Sunday, October 11, 2009

Because I Ate But Was Not Satisfied

“What's Haggai to me, or me to Haggai?” or so I thought until this morning, when I read the beginning of the Book of the Prophet Haggai in the day's Office. Haggai is a "minor prophet," after all. As a convert coming late to the game, I don't have time for "minor" prophets. Do I?

Then Haggai described exactly what I felt in the years before I was received into the Church:

Now thus says the Lord of hosts: 
Consider your ways!
You have sown much, but have brought in little;
you have eaten, but have not been satisfied;
You have drunk, but have not been exhilarated; 
have clothed yourselves, but not been warmed; 
And he who earned wages
earned them for a bag with holes in it.

When I was moving from high school into college, I was searching, as many people do at that age. I left the Episcopal Church and began an eastward journey, studying zen meditation, yoga, sufism—which is to say non-Christian spiritual traditions. Finally, and through a sort of minor grace (since we're concerned today with a minor prophet), I encountered a way of being and doing in the world that I found deeply satisfying—for a time. Without going into specifics, I can say that there came a period of disillusionment with this way, partly on philosophical grounds. And the experience felt just like this: eating without satisfaction, drinking without exhilaration, earning money and finding that it slipped through the holes in my bag. In other words, going through the motions. I imagine that many people find themselves in this situation.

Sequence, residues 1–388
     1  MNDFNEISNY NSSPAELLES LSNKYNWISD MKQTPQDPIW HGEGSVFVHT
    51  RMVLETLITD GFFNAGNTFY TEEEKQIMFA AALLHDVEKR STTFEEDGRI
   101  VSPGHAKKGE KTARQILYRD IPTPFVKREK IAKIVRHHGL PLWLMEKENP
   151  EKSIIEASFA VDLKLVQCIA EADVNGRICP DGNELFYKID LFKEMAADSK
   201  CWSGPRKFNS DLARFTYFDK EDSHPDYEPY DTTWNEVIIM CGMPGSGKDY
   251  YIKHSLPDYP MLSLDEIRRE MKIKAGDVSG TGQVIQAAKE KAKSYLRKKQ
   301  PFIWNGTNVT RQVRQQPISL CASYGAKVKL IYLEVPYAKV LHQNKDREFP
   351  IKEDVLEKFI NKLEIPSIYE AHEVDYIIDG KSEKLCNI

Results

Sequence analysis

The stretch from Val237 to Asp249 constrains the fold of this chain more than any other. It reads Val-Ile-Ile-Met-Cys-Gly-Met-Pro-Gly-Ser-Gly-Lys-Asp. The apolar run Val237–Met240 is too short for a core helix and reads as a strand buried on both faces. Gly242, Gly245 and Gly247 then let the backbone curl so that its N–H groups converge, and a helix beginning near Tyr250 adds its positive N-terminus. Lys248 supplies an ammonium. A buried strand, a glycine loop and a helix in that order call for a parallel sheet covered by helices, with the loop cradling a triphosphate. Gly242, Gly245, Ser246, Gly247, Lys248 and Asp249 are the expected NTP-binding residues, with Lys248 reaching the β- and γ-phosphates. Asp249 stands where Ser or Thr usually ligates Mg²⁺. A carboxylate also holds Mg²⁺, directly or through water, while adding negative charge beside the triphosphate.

It was very hard to admit to myself that I was not satisfied, that nothing was sticking. I loved the people with whom I had entered into this way of life, I still do. And this way was for me an entire life, all-consuming, and as such it was the only way I knew or could imagine. I remained on this way for many years, partly through devotion to friends, partly through inertia, partly through fear of setting out in any other direction.

Fortunately, I did not have to build a temple, as Haggai instructs. The temple was there in my path. It had been literally across the street from my office since I first arrived in town. The temple was called St. Mary Star of the Sea Church. However, I do understand, from Cyril of Alexandria's commentary on Haggai, which accompanies the prophet in today's Office, that a different kind of construction project is asked from all of us who call ourselves Catholics:

Haggai, therefore, declares that peace will be given to all who build. One builds the Church either as a teacher of the sacred mysteries, as one set over the house of God, or as one who works for his own good by setting himself forth as a living and spiritual stone in the holy temple, God's dwelling place in the Spirit. The results of these efforts will profit such men so that each will be able to gain his own salvation without difficulty.

Construction in progress . . . The work goes slow, but it does satisfy.